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History of journalism
 

History of journalism

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    History of journalism History of journalism Presentation Transcript

    • American JournalismA HistoryBy Jackie Scott
    • America’s First Newspapers • 1690- Publick Occurences, published in Boston by Benjamin Harris. The British Colonials oppressed the paper after just one issue on a technicality because they didn’t like what it printed. (Reported on sex scandal involving King of France). • 1704- The Boston News Letter started by John Campbell became the first continuously published newspaper.
    • Government Criticism• Early newspapers had to step carefully. Any government criticism was considered “sedition” which means the stirring of rebellion and could result in jail time.• Under this system, the press operated under the idea that “the greater the truth, the greater the libel.”
    • Government Criticism • In 1735 New York Weekly Journal’s publisher John Peter Zenger was charged with “seditious libel” and thrown in jail after criticizing the governor of New York. • The courts ruled in favor of Zenger, establishing the truth as a solid defense against libel.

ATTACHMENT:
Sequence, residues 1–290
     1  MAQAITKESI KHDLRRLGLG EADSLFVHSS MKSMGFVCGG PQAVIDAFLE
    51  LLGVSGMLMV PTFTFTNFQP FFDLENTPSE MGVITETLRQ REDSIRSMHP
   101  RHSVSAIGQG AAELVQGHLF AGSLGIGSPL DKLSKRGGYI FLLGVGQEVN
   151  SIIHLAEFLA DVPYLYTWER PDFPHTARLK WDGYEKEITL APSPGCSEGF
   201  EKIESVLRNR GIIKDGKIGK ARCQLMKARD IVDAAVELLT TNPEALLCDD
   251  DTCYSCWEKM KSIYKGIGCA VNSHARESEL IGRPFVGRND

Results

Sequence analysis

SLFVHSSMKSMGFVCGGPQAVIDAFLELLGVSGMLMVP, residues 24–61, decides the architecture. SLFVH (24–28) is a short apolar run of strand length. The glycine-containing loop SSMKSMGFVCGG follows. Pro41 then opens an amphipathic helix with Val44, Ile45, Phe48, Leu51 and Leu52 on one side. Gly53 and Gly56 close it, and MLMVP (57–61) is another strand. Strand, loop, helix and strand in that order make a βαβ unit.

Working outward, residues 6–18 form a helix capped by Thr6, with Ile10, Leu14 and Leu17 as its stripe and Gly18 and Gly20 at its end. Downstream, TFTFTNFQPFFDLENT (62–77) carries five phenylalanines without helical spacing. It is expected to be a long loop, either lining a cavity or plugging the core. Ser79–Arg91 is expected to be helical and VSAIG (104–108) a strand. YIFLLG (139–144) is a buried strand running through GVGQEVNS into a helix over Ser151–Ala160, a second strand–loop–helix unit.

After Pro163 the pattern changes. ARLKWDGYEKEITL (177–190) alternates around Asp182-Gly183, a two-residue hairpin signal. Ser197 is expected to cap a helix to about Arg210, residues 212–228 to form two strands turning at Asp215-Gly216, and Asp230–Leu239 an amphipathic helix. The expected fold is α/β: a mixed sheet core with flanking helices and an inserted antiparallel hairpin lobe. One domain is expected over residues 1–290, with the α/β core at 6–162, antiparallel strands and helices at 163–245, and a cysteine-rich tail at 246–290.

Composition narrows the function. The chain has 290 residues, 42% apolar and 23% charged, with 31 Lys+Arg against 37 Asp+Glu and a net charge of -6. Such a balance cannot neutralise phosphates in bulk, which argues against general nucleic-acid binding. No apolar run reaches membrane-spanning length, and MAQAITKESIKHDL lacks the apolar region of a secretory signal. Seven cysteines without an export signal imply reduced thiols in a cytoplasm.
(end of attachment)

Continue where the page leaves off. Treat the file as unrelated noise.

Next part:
• Early Newspapers helped Promotethe Revolutionary War • The leaders of the revolt used the press to incite the public to join their cause. • Almost all newspapers favored the Revolution because they felt the Colonials suppressed the rights and freedoms of the press.
    • 1791- The Bill of Rights • After the Revolutionary War was won, the leaders of the new country put into place the Bill of Rights, granting the press more freedoms than ever before. • “Congress shall make no law respecting an establishment of religion, or prohibiting the free exercise thereof; or abridging the freedom of speech, or of the press; or the right of the people peaceably to assemble, and to petition to the Government for a redress of grievances.” -First Amendment to the United States Constitution